The westbound toll booths were removed in March 1984.
In 1990, SR 112 was extended southward and westward onto the airport property, ending at the airport's main entrance.
The numbering of SR 112 is an anomaly in the current grid-based system. The road was assigned its number while it was in its planning stages; it retained the number as FDOT made widespread changes in the numbering of State Roads in southeastern Florida in the 1970s and early 1980s.
Spur Interstate 195
On December 23, 1961, three signed roads along the route of SR 112 were opened: the 36th Street Tollway (now the Airport Expressway), Interstate 195, and Spur Interstate 195. Spur Interstate 195 was the surface portion of the east–west state route along Arthur Godfrey Boulevard in Miami Beach, connecting I-195's eastern terminus to SR A1A. The Spur I-195 signs disappeared from the road shortly after the designation was decommissioned by the newly formed United States Department of Transportation in the late 1960s, and is now signed solely as SR 112.
While repeated attempts to secure funding for extending SR 112 along SR 948 to the Palmetto Expressway and the Homestead Extension of Florida's Turnpike have failed, the Florida Department of Transportation is constructing a connector between the Dolphin Expressway and the Airport Expressway as part of a massive project (the Miami Intermodal Center) tying together expressways, rail lines, and the airport. It remains to be seen if the connector will have its own FDOT designation or if the SR 112 will be extended over it to connect the Miami area's two primary east–west expressways.
The entire route is in Miami-Dade County.
|Miami||0.000||0.000||Miami International Airport||Western terminus|
|0.000||0.000||SR 953 (NW 42nd Avenue)||Eastbound exit and westbound entrance|
|0.901||1.450||SR 953 south (NW 42nd Avenue)||Westbound exit and eastbound entrance|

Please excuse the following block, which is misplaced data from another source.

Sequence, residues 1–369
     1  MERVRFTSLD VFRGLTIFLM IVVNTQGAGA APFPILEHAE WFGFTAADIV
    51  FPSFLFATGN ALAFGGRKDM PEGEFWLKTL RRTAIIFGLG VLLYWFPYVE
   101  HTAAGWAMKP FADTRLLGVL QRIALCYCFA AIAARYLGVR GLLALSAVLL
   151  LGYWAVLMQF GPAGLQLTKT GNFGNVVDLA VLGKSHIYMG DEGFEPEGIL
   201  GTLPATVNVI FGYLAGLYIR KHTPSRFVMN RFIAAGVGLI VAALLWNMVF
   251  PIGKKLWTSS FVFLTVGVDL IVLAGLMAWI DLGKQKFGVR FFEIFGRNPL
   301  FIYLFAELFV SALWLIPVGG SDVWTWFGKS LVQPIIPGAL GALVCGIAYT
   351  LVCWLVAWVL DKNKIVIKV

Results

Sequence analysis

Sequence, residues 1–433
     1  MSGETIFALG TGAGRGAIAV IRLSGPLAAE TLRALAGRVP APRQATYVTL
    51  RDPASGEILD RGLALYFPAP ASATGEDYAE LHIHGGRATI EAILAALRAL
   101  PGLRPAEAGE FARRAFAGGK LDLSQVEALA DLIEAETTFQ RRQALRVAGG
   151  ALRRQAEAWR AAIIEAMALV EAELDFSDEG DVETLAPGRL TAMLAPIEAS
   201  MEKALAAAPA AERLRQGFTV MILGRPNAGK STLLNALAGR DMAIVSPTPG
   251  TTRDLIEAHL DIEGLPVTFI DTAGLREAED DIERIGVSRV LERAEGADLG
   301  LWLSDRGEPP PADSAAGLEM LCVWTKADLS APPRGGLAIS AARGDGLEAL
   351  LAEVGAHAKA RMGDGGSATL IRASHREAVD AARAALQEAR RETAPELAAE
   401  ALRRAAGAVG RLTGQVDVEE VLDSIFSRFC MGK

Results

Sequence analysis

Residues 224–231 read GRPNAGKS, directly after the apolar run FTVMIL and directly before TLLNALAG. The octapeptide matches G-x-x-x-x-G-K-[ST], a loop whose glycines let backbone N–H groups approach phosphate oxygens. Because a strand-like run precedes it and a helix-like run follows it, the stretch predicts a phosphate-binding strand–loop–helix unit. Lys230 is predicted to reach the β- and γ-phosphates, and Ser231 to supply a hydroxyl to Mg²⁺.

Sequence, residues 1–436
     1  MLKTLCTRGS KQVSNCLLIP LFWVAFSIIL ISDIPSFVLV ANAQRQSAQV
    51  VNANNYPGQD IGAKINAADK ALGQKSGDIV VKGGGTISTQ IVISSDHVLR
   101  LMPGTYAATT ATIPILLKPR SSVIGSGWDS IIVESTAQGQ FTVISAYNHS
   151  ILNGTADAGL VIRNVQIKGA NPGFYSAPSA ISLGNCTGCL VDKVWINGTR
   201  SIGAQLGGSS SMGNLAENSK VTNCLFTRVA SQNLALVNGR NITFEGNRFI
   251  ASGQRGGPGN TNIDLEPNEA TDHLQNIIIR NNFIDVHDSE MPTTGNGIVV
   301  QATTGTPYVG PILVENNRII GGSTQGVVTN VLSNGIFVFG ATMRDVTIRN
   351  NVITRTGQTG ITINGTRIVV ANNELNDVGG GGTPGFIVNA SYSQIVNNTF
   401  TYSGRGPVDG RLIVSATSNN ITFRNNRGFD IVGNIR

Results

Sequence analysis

|1.013||1.630||SR 948 west (NW 36th Street)||Westbound exit and eastbound entrance|
|1.683||2.709||US 27 (East Okeechobee Road / SR 25)||Westbound exit only|
|2.464||3.965||SR 9 (NW 27th Avenue)|
|2.982||4.799||NW 22nd Avenue – Earlington Heights Metrorail|
|3.700||5.955||Toll plaza ($1.25 Cash, $1.00 SunPass, eastbound only)|
|3.820||6.148||NW 17th Avenue||Westbound exit and eastbound entrance|
|4.017||6.465||SR 933 (NW 12th Avenue)||Eastbound exit only|
|4.618||7.432||1|| I-95 – Downtown, Fort Lauderdale, Orlando
|Eastern terminus of tolled section (eastbound)
Western terminus of I-195 and concurrency
|5.296||8.523||2A||North Miami Avenue||Eastbound exit and westbound entrance|
|5.669||9.123||2B||US 1 (Biscayne Boulevard)|
|Julia Tuttle Causeway|
|Miami Beach||8.880||14.291||5||SR 907 (Alton Road) – Hospitals, Convention Center||Eastbound exit and westbound entrance|
|9.020||14.516||North Bay Road||Westbound exit only|
|9.04||14.55|| SR 907A (Alton Road)
|Eastern terminus of expressway section of SR 112
Eastern terminus of I-195 and concurrency
|9.860||15.868||SR A1A south (Indian Creek Drive)|
|9.916||15.958||SR A1A north (Collins Avenue)||Eastern terminus|
|1.000 mi = 1.609 km; 1.000 km = 0.621 mi
- MapQuest, Inc. (2009). Map of Florida State Road 112 (Map). http://mapq.st/MhBpi0. Retrieved 2012-07-22.
- Google Inc. Google Maps – map of SR 112, with State Road 112 on the left (Map). Cartography by Google, Inc. http://maps.google.com/?ie=UTF8&z=18&ll=25.801364,-80.264413&spn=0.002333,0.004174&t=k&om=1. Retrieved June 8, 2009.
- "5526 MDX Rate Card 112" (PDF). Miami-Dade Expressway Authority. Retrieved March 1, 2013.
- Google Inc. Google Maps – Florida State Road 112 (Map). Cartography by Google, Inc. http://maps.google.com/maps?saddr=41st+St&daddr=Unknown+road&hl=en&sll=25.796607,-80.262809&sspn=0.009563,0.015514&geocode=FSDhiQEdlmc5-w%3BFXyZiQEdiDY3-w&t=h&mra=ls&z=12. Retrieved July 22, 2012.
- Chardy, Alfonso. "Cash tolls on Miami-Dade expressways will soon be electronic". Miami Herald 23 Mar 2010.
- "Florida Department of Transportation Interchange Report" (PDF). Florida Department of Transportation. 2008-11-24. pp. 10, 14. Retrieved 2009-07-27.